The entire process is also a great way to diversify your internal links’ anchor texts. Build new internal links to the pages that you’ve reoptimized using the new set of long-tail keywords you’ve discovered from step 1.
You can also choose to reoptimize and diversify the anchor texts of the already existing internal links pointing to them from older pages/posts on your site.
Use Google Webmaster Tools (Traffic > Internal Links) to track pages from your site that internally/contextually link to a page you want to optimize.
Build new signals
Create new signals for search engines to crawl, re-index and recalculate your reoptimized pages/posts. Several ways to give them reasons to recrawl your site are:
- Publishing a new post – I published 2 blog posts after optimizing my older posts/pages, so crawlers will definitely be back to re-crawl the entire site, and when they see the changes, boom.
- Sharing the updated old post on social networks – I shared some of them on Twitter.
Post from a few months ago buff.ly/Qbv0XJ earning links through mindshare
— Jason Acidre (@jasonacidre) January 16, 2013
- Building new links– links doesn’t necessarily need to point on the posts/pages that you’ve optimized. I got a few natural mentions/links this month. Those are good indications for search engines to recrawl the entire site and recalculate its inner pages’ search rankings.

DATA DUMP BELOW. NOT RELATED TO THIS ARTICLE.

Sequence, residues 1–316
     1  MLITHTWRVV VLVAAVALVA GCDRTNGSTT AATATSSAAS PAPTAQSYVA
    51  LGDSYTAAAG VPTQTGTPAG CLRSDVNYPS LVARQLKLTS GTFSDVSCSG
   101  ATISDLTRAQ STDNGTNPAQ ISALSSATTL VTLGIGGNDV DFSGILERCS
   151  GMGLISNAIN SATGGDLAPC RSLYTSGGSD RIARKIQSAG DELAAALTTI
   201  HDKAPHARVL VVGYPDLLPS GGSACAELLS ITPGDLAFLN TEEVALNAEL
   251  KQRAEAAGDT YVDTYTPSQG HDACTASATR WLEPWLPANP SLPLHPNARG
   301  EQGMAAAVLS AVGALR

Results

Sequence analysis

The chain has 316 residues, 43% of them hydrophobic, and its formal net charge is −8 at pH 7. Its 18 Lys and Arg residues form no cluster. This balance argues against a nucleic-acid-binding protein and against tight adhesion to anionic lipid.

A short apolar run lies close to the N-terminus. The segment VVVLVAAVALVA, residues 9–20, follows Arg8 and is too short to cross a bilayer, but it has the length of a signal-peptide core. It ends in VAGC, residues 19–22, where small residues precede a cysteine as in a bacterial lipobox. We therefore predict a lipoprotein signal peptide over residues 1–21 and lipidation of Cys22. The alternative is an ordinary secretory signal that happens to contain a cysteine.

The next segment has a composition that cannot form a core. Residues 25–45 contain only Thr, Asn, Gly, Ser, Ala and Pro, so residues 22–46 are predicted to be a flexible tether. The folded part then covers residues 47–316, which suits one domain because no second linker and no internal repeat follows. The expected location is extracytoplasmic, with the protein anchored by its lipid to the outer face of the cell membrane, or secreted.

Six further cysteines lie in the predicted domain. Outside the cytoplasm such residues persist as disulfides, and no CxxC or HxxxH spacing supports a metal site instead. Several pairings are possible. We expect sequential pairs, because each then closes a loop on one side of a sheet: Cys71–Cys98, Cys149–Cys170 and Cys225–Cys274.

The strategy doesn’t end here. Take advantage of the process, since it can help continuously grow your site’s organic traffic.
Make this process a part of your monthly SEO tasks
Try discovering new keywords that could bring potential leads/customers to your site through your already existing pages.
The whole process, including the reoptimization of a few pages/posts, only took 20 – 30 minutes of my time. The result was far more than what I’ve expected, so what more if I keep doing it on a monthly basis.
Use your search traffic data to guide your content development strategy
Along the process, I also found keywords that tackle whole new ideas, in which they deserve a new post absolutely relevant to them.
Your list can throw bunch of content ideas that you can write about in the future. And the best thing about it is that people are really seeking for it.